When the Wall Street Reform and Consumer Protection Act of 2010 was signed, the country's financial giants knew it posed a threat to a host of "transaction fees" that helped banks and credit card companies rack up $16 billion in profits in 2010. (By some estimates, the reform legislation was expected to cut "fee revenue" by $8 billion.) But the Big Banks and Card Companies had already prepared an elaborate response that included the introduction of new fees and the creation of a front group designed to sabotage the law — by pretending to spearhead a consumer friendly "reform campaign" involving a popular Internet activism site.
It was predictable that the new monthly fees the Bank of America (BofA), Chase, Citi and others slapped on debit cards would cause customers to erupt in fury. Evidence uncovered by The Planet suggests that the imposition of these slap-in-the-face fees actually may have been part of an elaborate, collective corporate strategy to foment an upswell of consumer anger that could then be channeled — via Internet-based activism — into a "popular mainstream movement" to overturn the reform legislation.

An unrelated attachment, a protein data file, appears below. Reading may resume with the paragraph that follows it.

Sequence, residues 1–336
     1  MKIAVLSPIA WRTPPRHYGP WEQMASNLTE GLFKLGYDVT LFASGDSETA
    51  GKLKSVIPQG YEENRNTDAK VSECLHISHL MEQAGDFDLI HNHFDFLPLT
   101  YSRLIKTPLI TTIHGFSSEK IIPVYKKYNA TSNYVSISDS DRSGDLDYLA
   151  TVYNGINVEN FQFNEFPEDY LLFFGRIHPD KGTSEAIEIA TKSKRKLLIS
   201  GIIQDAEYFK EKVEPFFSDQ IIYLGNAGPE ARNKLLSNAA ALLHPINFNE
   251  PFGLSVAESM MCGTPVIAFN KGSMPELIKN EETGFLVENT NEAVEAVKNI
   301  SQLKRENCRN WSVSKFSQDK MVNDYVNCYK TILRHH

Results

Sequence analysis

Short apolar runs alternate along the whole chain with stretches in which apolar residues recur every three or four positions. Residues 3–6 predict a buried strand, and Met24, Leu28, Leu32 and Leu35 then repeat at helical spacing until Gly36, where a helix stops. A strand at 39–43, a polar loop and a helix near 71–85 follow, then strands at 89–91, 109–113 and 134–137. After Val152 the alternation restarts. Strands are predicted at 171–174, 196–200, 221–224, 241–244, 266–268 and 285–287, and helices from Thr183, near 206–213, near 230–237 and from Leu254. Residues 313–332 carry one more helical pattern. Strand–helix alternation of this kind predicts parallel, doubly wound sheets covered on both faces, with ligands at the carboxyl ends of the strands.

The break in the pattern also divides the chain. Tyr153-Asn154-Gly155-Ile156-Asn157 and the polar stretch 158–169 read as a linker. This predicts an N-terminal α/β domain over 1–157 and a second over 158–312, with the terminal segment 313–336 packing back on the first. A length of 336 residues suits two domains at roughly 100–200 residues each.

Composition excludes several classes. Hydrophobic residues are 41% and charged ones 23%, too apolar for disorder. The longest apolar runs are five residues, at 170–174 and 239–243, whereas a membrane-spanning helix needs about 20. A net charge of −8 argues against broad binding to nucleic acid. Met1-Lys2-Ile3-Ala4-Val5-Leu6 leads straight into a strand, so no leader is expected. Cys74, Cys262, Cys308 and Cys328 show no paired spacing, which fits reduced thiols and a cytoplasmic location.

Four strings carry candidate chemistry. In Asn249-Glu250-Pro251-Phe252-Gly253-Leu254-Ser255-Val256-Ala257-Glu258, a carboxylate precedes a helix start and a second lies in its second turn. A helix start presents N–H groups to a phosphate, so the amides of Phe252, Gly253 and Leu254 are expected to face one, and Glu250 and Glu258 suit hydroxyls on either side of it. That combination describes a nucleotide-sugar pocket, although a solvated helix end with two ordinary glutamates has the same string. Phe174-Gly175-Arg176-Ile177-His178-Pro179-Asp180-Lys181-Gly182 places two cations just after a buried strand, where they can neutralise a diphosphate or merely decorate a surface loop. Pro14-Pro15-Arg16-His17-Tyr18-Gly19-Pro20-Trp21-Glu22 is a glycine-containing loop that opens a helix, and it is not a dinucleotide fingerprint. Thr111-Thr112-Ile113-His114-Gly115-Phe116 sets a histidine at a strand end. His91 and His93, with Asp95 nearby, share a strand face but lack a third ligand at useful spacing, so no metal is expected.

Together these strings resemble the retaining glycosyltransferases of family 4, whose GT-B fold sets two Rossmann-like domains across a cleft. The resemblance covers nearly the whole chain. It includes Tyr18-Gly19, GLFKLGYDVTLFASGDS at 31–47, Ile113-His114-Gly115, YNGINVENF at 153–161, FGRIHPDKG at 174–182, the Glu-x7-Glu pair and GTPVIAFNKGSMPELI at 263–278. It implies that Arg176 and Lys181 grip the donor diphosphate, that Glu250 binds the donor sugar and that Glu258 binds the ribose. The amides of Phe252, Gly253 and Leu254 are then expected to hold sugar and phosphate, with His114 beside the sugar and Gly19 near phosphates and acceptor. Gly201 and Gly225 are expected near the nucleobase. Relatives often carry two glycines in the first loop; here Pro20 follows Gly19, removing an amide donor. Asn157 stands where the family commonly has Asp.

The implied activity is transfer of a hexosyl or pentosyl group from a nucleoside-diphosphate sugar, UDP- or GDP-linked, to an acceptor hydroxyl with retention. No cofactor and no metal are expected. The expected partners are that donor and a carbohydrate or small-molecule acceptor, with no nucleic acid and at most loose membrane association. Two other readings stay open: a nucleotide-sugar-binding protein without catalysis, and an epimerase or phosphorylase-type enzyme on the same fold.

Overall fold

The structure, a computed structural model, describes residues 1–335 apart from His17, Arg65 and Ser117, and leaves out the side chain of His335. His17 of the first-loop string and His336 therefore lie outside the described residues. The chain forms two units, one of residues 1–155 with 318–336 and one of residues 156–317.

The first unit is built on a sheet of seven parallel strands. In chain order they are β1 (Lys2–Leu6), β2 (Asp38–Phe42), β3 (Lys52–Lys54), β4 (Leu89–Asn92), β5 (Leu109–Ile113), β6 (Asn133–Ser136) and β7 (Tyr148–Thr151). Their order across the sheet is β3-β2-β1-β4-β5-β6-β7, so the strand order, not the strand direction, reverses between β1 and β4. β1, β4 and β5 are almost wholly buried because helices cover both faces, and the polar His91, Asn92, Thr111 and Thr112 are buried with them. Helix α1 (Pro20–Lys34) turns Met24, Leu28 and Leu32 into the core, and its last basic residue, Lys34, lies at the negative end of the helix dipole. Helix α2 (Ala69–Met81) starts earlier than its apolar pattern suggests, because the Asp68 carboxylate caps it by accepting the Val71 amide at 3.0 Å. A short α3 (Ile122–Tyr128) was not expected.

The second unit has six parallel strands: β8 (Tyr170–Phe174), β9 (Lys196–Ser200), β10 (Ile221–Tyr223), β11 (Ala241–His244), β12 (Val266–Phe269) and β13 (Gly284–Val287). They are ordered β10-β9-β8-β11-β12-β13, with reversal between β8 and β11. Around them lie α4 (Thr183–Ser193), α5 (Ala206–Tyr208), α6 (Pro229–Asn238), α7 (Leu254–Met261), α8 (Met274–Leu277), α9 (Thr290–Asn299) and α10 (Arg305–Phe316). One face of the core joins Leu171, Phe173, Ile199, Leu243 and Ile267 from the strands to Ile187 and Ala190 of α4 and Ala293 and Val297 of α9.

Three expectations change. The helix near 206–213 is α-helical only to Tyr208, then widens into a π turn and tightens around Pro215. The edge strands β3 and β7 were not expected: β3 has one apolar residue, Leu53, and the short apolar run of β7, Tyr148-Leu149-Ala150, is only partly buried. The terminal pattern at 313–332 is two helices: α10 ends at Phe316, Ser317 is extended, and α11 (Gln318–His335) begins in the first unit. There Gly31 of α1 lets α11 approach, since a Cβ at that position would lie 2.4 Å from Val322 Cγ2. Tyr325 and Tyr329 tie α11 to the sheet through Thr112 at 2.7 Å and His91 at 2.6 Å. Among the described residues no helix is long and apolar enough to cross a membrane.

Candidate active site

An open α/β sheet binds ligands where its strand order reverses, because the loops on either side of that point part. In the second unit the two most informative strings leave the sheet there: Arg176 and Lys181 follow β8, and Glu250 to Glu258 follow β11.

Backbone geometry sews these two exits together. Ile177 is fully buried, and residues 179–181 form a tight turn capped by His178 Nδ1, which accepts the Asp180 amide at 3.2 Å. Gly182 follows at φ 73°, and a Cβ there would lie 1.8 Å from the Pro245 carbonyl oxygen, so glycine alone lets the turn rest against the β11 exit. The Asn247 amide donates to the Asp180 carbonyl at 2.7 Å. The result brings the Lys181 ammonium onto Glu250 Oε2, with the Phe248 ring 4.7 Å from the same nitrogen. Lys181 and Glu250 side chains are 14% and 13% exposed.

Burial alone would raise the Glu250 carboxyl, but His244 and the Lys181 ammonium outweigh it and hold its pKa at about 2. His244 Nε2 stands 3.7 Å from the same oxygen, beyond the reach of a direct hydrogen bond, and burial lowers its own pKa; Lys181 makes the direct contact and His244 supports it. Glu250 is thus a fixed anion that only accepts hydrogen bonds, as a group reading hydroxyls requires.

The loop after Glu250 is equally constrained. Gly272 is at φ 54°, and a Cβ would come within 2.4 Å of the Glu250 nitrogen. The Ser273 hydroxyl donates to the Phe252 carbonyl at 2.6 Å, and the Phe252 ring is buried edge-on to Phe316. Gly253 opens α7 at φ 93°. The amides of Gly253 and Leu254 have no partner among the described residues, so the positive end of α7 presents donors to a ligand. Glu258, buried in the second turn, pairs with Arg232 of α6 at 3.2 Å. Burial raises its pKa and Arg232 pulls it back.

However, the banks appear to have badly misjudged the mood of the public. As a result, the country is now witnessing the start of what appears to be a long-overdue mass-exodus from commercial banks into small, locally owned banks, savings and loans and credit unions.
By the closing days of October, the consumer revolt had caused BofA and its ilk to publicly reverse its position on debit card fees. This is not the way the Big Banks and Card Players hoped this would pan out.
BofA's Stealth Campaign to Undercut Wall Street Reform
The Planet has discovered that the Bank of America is part of a large but low-profile financial industry campaign designed to strike at the perceived heart of the problem — the Dodd-Frank Wall Street Reform and Consumer Protection Act of 2010 (WSRA) and, most specifically, its Durbin Amendment. It was the Durbin Amendment that capped the "swipe fee" on debit cards to between 7-12 cents (thereby cutting bank and credit card company "transaction fee" profits by an estimated 80%). Note: the Durbin Amendment only applies to companies with more than $10 billion in assets. (Only three of the country's 7,000-plus credit unions have $10 billion in assets.)